Digit doesn’t charge users for its service, with operating costs covered by the interest Digit earns by consolidating funds at partner banks. Eventually, the intention is to share some of the interest earned with its users.

“Our goal is to share some of the interest with our customers as we grow our deposits, as long as we know we can cover our costs,” Bloch mentioned in an interview. With $1M per month being saved for members before official launch, that may happen soon.

Safety and Security

As for safety, Digit uses bank level security to keep user information encrypted and protected. According to the website, they don’t store bank login or passwords, and while they do store bank account numbers, they use asymmetric cryptography to keep bank information safe.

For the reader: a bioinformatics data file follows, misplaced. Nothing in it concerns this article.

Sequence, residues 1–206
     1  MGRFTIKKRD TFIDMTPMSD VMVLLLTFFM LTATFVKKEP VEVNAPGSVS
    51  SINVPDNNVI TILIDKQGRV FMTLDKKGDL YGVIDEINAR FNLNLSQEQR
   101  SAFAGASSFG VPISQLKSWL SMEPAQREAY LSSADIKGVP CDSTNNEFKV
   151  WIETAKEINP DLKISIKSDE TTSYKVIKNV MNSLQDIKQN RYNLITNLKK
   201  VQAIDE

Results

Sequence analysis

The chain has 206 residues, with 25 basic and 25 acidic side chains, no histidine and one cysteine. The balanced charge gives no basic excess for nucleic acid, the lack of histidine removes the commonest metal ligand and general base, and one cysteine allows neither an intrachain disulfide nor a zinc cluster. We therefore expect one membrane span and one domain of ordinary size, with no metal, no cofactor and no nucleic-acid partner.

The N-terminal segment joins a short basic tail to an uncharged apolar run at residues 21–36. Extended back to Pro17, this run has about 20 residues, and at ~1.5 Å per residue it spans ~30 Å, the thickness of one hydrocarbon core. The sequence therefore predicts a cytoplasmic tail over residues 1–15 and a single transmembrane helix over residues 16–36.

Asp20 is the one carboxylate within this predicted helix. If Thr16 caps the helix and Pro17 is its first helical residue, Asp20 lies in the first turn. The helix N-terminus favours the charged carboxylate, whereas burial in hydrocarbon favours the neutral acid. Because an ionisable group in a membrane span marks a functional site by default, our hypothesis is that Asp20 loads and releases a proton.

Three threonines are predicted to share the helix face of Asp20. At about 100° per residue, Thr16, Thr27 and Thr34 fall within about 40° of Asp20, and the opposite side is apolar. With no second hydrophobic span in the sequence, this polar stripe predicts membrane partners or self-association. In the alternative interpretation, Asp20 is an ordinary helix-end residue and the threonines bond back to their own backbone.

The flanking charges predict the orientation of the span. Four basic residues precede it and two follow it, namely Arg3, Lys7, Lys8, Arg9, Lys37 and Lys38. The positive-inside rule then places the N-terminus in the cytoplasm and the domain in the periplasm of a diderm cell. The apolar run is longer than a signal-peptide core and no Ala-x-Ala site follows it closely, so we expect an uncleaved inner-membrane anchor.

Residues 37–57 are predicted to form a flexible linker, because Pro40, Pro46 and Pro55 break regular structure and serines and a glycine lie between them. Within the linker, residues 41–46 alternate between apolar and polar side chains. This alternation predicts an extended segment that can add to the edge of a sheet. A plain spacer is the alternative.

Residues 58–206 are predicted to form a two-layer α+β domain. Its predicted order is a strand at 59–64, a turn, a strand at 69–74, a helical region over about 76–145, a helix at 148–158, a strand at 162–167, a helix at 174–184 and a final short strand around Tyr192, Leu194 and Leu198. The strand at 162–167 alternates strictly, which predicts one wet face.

Will Digit Succeed?

There is no doubt there are ways that a consumer can save money and earn more on their money (they could earn the same under a mattress). For instance, Acorns is an alternative that helps users save by rounding up purchases to the nearest dollar and automatically invests that difference into a diversified stock portfolio (resembling the Bank of America ‘Keep the Change’ savings program).

While there is the potential for greater earnings on savings with Acorns, it takes much longer to build a meaningful balance. There is also a monthly fee of $1.00 with Acorns.


Acorns mobile app

The beauty with Digit is its simplicity. Digit exists for the majority of consumers who aren’t good at saving money and haven’t been able to do so on their own. Digital puts money aside automatically and seamlessly, with minimal effort from the user.

During the initial pilot, users were able to see their savings grow significantly. Potentially more impressive is the overwhelmingly positive reviews and impressions shared online. In a search of this service, the number of positive impressions on almost all personal finance sites bodes well for the future of Digit.